If you know marketing at all (or if you’ve seen Glengarry Glen Ross), chances are you’re familiar with AIDA. It’s an acronym that breaks down a marketing campaign into five simple stages: attention, interest, desire and action. A lot of current marketers consider it to be an outdated model. So when it comes to content marketing, which completely revolutionizes modern methods of promotion, you’d think there’d be no place for such an old formula. But you’d be wrong. It can actually be very helpful to keep AIDA in mind when creating and distributing content for your brand. Here’s how.
Attention – This is the essential first step to marketing in any form: getting your audience’s attention, so that they listen to what you have to say. In content marketing, you do this with two things: your title and your keywords. Getting someone’s attention online is about getting them to click a link. All they can see is your title and meta description. And if you can’t grab their attention with those, they’ll never see more. Your keywords are what draw people to your content in the first place. Your title and meta description are what convince them to click your link instead of the others that are also in their results. Make it something straightforward and compelling. How does this content address their needs and solve their problem?
Interest – You’ve gotten your audience to click your link. But they could click away at any moment. Now you need to keep them interested in what you have to say. This is partly about what you say, and partly about how you say it. Lists are formats for content, whether you’re producing blogs, videos or infographics. It’s a simple, clear format that breaks down the user’s problem into bite-sized pieces that are easy to follow and easy to understand.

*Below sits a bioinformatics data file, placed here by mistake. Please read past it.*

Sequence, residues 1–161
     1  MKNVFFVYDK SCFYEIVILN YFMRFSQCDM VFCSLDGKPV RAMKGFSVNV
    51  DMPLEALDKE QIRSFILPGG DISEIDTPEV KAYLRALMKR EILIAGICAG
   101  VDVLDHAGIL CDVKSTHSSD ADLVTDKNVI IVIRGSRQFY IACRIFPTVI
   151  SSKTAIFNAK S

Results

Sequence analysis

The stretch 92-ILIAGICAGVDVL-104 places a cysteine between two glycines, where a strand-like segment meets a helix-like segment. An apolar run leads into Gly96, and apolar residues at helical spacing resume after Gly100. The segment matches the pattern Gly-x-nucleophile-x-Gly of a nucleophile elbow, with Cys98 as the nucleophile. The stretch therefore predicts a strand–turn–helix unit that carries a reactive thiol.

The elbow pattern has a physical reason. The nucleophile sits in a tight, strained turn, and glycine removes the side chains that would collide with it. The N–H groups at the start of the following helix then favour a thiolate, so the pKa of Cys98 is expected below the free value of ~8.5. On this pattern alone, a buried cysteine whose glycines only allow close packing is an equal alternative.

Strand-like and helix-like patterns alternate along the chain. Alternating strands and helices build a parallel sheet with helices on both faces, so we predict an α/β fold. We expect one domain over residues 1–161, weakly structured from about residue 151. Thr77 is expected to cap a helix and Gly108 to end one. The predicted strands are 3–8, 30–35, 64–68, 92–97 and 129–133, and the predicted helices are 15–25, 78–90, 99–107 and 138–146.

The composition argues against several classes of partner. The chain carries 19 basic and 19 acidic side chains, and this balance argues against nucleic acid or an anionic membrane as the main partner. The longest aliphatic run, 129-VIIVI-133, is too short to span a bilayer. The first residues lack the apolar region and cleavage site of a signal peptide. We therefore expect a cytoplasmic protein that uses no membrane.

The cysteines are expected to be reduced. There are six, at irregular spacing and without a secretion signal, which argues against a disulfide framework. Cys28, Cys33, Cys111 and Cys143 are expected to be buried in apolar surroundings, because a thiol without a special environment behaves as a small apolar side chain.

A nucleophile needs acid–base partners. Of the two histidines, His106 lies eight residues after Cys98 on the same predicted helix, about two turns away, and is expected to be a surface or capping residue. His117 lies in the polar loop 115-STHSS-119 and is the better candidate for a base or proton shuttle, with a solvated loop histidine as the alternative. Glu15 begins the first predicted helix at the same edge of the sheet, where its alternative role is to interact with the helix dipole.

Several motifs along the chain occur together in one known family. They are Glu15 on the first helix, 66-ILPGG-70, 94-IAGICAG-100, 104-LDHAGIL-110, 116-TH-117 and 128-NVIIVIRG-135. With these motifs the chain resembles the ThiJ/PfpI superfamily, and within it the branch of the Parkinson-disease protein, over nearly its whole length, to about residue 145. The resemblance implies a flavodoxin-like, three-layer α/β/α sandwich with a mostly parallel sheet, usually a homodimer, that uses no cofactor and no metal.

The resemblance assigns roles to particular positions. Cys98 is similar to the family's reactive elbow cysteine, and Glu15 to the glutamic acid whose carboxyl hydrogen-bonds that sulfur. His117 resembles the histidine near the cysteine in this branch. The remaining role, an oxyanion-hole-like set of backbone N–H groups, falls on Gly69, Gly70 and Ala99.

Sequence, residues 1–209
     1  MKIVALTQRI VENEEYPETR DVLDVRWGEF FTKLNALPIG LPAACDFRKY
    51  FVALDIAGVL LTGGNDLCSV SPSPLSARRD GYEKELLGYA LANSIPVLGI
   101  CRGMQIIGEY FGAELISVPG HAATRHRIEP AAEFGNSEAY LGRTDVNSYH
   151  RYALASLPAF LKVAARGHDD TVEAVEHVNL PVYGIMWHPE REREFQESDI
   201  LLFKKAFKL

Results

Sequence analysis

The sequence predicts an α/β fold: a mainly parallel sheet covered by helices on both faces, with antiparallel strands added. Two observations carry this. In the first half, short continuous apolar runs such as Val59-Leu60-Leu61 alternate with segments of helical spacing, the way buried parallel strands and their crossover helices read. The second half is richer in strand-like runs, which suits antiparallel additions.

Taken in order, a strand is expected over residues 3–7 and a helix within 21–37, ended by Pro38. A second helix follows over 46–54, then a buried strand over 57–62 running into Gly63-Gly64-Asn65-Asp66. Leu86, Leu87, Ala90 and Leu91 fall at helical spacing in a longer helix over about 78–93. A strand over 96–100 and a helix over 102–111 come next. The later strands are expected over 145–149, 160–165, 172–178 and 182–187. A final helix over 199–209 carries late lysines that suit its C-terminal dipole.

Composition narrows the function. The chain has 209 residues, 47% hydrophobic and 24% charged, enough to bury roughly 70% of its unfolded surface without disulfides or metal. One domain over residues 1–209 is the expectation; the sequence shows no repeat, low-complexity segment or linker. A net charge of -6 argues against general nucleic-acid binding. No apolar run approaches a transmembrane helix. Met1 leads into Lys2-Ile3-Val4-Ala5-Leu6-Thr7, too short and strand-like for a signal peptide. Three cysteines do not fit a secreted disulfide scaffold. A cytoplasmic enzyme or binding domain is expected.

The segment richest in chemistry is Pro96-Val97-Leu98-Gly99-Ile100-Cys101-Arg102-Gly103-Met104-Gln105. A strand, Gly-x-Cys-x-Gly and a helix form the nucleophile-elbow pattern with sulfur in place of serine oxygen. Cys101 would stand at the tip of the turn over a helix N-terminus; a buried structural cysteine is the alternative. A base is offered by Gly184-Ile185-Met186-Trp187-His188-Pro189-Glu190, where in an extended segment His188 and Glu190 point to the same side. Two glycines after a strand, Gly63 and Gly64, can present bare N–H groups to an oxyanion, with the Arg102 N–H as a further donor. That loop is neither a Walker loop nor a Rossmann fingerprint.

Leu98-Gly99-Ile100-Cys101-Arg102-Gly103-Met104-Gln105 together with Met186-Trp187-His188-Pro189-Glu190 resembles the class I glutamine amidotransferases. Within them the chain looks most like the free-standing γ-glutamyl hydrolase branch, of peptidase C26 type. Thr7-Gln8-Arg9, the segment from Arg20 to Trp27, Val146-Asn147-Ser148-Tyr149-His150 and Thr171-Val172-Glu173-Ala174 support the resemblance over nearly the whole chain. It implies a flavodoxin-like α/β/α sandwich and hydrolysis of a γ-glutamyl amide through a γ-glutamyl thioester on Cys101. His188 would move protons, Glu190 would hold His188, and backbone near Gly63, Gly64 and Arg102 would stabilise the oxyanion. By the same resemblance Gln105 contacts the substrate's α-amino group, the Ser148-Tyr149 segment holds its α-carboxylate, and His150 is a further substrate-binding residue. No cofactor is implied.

Desire – So you’ve got your audience interested in what you have to say. Now what do you do with that interest? You use it to convince them that they need what you’re selling. This is, admittedly, a bit of an oversimplification. But it’s essentially true. While your initial content isn’t specifically designed to show people how great your product is, you can address the issue with long-form content such as e-books and white papers. Use them to lay out the solution to a problem in depth. Don’t explicitly talk about why your brand and services are so great, but explain why that type of service in general would be beneficial to someone in your potential customer’s situation.
Action – Now that they want what you’re selling, it’s time for the final step: closing the deal. In content marketing, the way to do this is with a call to action (CTA). This is a simple statement at the end of your content that’s meant to show your audience what the next step is and encourage them to take it. Each piece of content you create should have a CTA, and the action isn’t necessarily going to be buying your product. In your blogs, encourage them to download your e-book. In your e-book, encourage them to get in touch with a representative from your company. Start out with something small, that’s simple for them to do, and gradually work your way up.
AIDA is just a guide. It isn’t the be-all-end-all of content marketing. But it can be helpful in creating content with a purpose. It’s a framework to help target your content and make it more effective with your audience—so that you can Always Be Closing.